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Old City of Sana'a
Site number:
Type of site: Heritage in danger
Date: 7-8th century
Date of Inscription: 1986
Location: Middle East, Yemen, Governorate of the capital Sana’a
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Situated in a mountain valley at an altitude of 2,200 m, Sana’a has been inhabited for more than 2,500 years. In the 7th and 8th centuries the city became a major centre for the propagation of Islam. This religious and political heritage can be seen in the 103 mosques, 14 hammams and over 6,000 houses, all built before the 11th century. Sana’a’s many-storeyed tower-houses built of rammed earth (pisé) add to the beauty of the site.

--WHMNet paraphrase from the description at WHC Site, where additional information is available. For 360 degree imaging of this site, click here.
  Ṣan‘ā’ (Arabic: صنعاء, sometimes spelled Sanaa or Sana'a) is the capital of Yemen and the center of San‘a’ Governorate. San‘a’ is one of the ancient Yemeni cities dating back to the Sabaean dynasty of the 6th Century BC. The oldest written reference to its existence is found in inscriptions which date back to the 1st Century AD. It is suggested that San‘a’ was the capital of the Himyarite kingdom at the onset of the 6th Century AD. When King Yousef Athar (or Dhu Nuwas), the last of the Himyarite kings, was in power, San‘a’ was also the capital of the Ethiopian viceroys, then after 570 of the Persians. As of the dawn of Islam until the detachment of independent sub-states in many parts of Yemen Islamic Caliphate, San‘a’ persisted as the governing seat, who himself is Caliph's deputy in running the affairs of one of Yemen's Three Makhalifs: Mikhlaf San‘a’, Mikhlaf al-Janad and Mikhlaf Hadhramawt. The city of San‘a’ recurrently assumed an important status and all Yemenite States competed to control it. The Mamelukes arrived in Yemen in AD 1517. Following the collapse of the Mamelukes in Egypt at the hands of the Ottoman Turks, Yemen fell under the Ottoman Rule and during the first Ottoman rule of Yemen between 1538-1635, San‘a’ became the capital of the Ottoman Vilayet and also during the Ottoman second rule 1872-1918. In 1918, San‘a’ was the capital of Imam Yahya, who ruled North Yemen. At the onset of the 1962 revolution which deposed the imamate rule, it became the capital of the Yemen Arab Republic. It was then the capital of unified Yemen in 1990 where it is dubbed as the historical capital of Yemen. --Wikipedia. Text is available under the Creative Commons Attribution-ShareAlike License. For 360 degree imaging of this site, click here.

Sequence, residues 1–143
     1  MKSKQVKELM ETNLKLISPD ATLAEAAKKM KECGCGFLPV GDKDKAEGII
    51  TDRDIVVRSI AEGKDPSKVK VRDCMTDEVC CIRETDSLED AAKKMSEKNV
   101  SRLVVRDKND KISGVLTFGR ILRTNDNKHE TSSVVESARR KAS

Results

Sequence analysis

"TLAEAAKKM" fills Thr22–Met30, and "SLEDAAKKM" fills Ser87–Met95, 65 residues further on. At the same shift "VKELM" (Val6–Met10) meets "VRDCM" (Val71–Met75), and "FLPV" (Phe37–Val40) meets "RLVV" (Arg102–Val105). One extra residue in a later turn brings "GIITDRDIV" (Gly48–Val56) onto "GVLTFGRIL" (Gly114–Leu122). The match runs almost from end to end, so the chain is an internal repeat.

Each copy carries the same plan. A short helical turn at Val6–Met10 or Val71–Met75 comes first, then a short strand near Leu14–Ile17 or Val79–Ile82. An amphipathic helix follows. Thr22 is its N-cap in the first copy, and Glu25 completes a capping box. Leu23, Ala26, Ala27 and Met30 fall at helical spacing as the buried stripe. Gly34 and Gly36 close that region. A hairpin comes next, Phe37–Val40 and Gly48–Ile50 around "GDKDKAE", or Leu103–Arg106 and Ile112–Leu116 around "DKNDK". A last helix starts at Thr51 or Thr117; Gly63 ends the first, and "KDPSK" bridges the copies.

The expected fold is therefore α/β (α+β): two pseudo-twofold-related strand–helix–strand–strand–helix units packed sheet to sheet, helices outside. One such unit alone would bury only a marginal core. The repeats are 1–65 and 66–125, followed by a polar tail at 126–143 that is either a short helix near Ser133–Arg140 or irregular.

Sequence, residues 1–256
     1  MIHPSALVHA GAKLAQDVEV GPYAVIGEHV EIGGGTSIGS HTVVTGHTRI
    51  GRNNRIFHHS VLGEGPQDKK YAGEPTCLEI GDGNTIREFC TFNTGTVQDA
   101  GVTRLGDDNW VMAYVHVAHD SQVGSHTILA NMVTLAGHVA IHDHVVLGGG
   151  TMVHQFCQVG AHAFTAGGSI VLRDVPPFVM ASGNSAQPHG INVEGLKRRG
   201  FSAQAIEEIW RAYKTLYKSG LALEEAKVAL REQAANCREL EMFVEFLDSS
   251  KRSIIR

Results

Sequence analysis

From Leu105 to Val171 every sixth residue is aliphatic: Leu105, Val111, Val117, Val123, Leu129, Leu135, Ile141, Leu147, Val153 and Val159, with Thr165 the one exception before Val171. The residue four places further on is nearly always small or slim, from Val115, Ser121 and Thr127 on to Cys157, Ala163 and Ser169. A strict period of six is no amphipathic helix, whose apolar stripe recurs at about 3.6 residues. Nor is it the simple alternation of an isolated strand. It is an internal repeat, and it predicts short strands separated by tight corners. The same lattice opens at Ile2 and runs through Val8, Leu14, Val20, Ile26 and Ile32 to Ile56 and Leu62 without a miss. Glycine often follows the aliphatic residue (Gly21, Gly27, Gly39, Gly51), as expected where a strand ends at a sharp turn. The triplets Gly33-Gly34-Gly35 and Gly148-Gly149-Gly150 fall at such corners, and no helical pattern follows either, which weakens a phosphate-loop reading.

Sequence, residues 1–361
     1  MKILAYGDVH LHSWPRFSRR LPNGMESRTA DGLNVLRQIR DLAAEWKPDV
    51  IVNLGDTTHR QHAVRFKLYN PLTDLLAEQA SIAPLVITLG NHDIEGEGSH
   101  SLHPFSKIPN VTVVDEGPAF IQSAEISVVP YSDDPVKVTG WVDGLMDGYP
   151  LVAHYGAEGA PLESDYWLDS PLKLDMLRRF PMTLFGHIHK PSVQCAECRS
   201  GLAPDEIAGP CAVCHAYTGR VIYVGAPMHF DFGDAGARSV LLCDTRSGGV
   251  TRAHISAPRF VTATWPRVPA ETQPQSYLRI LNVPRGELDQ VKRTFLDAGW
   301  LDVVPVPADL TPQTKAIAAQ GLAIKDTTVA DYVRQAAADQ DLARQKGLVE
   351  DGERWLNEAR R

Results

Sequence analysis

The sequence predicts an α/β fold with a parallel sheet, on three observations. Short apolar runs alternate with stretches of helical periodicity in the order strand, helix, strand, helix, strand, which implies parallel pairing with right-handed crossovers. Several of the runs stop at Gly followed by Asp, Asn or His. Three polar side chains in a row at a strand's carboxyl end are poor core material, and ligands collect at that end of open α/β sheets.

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Reference: 1. UNESCO World Heritage Center, Site Page.
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